On July 5, 1852, black abolitionist Frederick Douglass addressed the Rochester Ladies' Anti-Slavery Society in Corinthian Hall, Rochester, New York, delivering his remarks against the holiday.
“What to the slave is the Fourth of July?” Douglass, who escaped slavery as a young man, said during his speech. “This Fourth of July is yours, not mine. You may rejoice. I must mourn.”
To put Douglass’ words into context applicable to the modern US, Radio Sputnik’s Loud & Clear was joined by Gerald Horne, a prolific author, whose most recent books are “Jazz and Justice: Racism and the Political Economy of the Music” and “White Supremacy Confronted: U.S. Imperialism and Anti-Communism vs. the Liberation of Southern Africa from Rhodes to Mandela.”
Horne explained that changes in US policy toward enslaved black people and their descendants have historically come about due to financial pressures abroad, beginning with the Haitian Revolution from 1791 to 1804. He describes that anti-slavery insurrection against French rule as the “thunderclap in terms of creating a general crisis in the entire slave system that could only be resolved with its collapse.”
Though embargos were placed on trade with Haiti in hopes of crippling the freshly liberated republic, the US government recognized that this uprising was as an example of the economic damage that could come about if the ruling class lost control.
Mainland revolts over the next few decades, such as the 1811 German Coast uprising in Louisiana and even the 1842 Slave Revolt in the Cherokee Nation, would increase this need to bring about new measures to mollify American enslaved people and forestall any rebellion. This scramble to maintain control would eventually manifest in the American Civil War and resulted in the emancipation of enslaved black people in the US in 1865.
Horne told Sputnik that this cycle of restructuring restraints on enslaved people and their descendants would continue to come in waves brought on by an ever-changing international pulse.
“We also know that in terms of the Jim Crow system that followed, it was the rise of the socialist camp, the rise of national liberation movements and working class movements globally that, again, put global pressure on Washington to move away from its hateful system of Jim Crow -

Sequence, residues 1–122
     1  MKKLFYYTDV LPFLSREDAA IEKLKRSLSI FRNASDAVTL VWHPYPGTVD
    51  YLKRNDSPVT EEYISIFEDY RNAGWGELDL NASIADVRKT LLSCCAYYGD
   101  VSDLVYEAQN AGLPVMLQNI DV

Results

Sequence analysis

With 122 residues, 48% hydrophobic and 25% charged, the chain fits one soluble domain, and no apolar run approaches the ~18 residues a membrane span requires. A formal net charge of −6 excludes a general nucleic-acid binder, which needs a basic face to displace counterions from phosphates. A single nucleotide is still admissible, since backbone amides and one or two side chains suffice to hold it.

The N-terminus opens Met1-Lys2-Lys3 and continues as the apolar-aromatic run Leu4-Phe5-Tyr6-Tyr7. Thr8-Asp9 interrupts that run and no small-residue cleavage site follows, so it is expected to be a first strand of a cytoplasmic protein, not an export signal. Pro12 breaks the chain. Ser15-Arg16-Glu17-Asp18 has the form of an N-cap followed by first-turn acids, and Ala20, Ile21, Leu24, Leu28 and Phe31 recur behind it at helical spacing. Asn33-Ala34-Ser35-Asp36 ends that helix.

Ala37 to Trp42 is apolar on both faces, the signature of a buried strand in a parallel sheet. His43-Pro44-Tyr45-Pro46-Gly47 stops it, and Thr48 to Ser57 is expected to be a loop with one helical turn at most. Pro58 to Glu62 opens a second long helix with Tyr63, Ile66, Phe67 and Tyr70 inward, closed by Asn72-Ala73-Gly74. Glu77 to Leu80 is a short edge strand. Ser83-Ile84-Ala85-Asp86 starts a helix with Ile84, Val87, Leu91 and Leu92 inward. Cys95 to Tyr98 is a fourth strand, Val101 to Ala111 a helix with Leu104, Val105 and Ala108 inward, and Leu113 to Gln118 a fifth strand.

and that’s where we are today,” the professor explained, noting that the present-day question is “where do we go from here? What kind of international pressure can be generated to move us to the next level? Which, some would say, involves reparations to the descendants of enslaved Africans.”
Discussions surrounding reparations have gained significant attention ahead of the 2020 presidential election both socially, with the rise of the American Descendants of Slavery (ADOS) movement, and through the legal system via the introduction of Representative Sheila Jackson’s HR 40 bill.
Jackson’s legislation seeks to form a commission tasked with investigating a way “to address the fundamental injustice, cruelty, brutality, and inhumanity of slavery in the United States” and draft a proposal for what reparations would look like for descendants and through what means they would be distributed.
In reference to the Declaration of Independence, Becker recited a passage from a draft of the document which, according to Thomas Jefferson, was removed due to opposition from South Carolina, Georgia and Northern delegates with heavy economic ties to the Transatlantic slave trade.
“He has waged cruel war against human nature itself, violating its most sacred rights of life and liberty in the persons of a distant people who never offended him, captivating & carrying them into slavery in another hemisphere or to incur miserable death in their transportation thither,” Becker read, citing Blackpast.org.
Horne highlighted that today, people reference historical documents, including the Constitution, to argue that the US was not “as pro-slavery as it could’ve been.” According to the professor, these recent interpretations ignore the growth in the number of enslaved Africans under settler rule up until 1860.
“We all know that the most valuable property in the United States in 1860 was property in enslaved Africans. We know that after the formation of the United States of America, the US nationals ousted the British from captaining the international slave trade,” the professor explained, also noting that this “manic” energy of the trade led to more enslaved Africans - particularly from Congo and Angola - in places such as Cuba.
Horne went on to point out that revolutionary Haiti was forced to pay reparations to former slave owners who fled to New Orleans and argued that they were somehow the victims.
The mentality of emancipation being enough, due to the ruling class losing out on profits, continues to be pushed by leading US government lawmakers such as Senate Majority Leader Mitch McConnell.
"I don't think reparations for something that happened 150 years ago, for whom none of us currently living are responsible, is a good idea," McConnell said when asked about the idea of reparations. "We've tried to deal with our original sin of slavery by fighting a civil war, by passing landmark civil rights legislation. We elected an African-American president.”